Informations and abstract
Keywords: cooperation, coordination, rationality, game theory, motor information, kinematic.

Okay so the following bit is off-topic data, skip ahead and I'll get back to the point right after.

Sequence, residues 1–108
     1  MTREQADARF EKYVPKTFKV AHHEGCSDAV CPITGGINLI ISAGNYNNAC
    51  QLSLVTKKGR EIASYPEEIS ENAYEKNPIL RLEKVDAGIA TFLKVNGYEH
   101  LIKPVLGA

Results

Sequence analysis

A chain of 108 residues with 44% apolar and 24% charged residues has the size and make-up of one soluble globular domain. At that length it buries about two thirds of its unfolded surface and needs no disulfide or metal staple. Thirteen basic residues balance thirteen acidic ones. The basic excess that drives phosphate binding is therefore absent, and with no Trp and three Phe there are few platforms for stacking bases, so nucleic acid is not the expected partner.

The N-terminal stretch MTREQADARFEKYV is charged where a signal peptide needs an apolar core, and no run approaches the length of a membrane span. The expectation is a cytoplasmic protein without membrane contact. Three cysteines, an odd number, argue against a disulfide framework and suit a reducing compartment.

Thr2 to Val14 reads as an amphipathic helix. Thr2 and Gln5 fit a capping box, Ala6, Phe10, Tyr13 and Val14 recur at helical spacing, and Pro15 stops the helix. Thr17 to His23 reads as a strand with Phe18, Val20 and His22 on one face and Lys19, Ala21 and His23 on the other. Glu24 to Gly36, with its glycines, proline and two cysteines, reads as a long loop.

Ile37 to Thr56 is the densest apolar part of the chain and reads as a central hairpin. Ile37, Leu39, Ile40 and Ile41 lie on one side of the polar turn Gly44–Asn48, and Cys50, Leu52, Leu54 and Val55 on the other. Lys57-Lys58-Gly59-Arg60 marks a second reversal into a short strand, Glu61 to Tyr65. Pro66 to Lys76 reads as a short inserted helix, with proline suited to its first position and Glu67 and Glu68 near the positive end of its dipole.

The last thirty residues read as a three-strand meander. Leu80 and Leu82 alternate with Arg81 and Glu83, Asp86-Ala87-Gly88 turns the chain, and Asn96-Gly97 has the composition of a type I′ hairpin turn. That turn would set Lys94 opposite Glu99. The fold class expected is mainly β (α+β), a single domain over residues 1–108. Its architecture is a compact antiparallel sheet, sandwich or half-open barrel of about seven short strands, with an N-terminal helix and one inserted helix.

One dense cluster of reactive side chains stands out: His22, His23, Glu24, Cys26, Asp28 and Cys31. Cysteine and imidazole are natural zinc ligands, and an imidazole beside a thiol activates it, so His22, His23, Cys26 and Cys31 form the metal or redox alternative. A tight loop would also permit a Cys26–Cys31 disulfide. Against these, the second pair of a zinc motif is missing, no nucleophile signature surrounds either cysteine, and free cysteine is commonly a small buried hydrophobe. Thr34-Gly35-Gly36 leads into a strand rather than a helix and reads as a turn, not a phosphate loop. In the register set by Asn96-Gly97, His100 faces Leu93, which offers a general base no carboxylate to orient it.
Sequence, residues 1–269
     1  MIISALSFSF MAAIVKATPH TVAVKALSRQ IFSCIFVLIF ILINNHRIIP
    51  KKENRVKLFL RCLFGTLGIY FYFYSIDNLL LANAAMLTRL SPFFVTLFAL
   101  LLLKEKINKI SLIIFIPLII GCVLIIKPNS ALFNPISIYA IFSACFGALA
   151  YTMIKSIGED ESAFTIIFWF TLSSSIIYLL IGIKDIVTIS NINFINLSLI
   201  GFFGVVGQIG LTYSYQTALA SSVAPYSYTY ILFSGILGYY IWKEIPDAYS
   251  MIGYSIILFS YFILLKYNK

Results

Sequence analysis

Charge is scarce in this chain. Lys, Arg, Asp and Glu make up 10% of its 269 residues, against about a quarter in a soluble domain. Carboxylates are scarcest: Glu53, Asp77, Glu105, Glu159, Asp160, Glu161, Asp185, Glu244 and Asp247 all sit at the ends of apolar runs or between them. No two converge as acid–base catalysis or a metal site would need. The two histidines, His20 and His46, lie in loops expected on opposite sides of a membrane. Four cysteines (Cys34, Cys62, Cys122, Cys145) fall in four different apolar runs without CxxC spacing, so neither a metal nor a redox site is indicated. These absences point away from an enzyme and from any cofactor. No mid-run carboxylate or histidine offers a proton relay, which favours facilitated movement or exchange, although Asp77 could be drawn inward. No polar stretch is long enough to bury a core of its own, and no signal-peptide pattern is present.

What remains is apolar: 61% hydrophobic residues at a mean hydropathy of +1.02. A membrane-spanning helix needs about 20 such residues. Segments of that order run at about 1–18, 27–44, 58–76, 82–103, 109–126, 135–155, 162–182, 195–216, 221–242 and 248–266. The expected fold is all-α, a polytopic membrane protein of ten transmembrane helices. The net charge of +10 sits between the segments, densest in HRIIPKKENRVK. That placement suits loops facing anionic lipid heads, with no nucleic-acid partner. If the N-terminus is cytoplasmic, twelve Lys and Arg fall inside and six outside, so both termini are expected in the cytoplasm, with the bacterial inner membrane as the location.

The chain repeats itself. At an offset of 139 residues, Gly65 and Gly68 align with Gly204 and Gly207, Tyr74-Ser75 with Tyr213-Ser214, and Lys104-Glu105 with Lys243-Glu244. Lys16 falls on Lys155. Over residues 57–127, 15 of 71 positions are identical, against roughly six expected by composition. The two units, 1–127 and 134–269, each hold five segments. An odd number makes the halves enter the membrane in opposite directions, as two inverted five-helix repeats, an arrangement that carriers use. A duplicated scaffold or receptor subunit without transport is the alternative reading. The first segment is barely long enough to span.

Our study aims to investigate the role of motor and rational cues in driving interpersonal coordination. On one side, there is plenty of evidence that people may take advantage of motor representations to understand others’ action; on the other side, agents involved in strategic interactions are expected to act rationally. What if motor cues and rationality are conflicting when we have to predict (and accordingly adjust with) our partner’s action? To answer this question, we used an online cooperative game with a (fictional) partner, who could either behave rationally (choosing a high reward) or irrationally (choosing a low reward). Participants were instructed to achieve coordination with their partner in order to obtain a monetary reward, based on their success in coordinating upon high or low reward. Importantly, participants could observe part of the kinematic or the partner’s action, indicating if the partner would choose high or low reward. Our results show that rational thinking drives decision making when motor cues are not informative about the partner’s action. Conversely, when motor cues are informative, participants are ready to coordinate even upon low reward.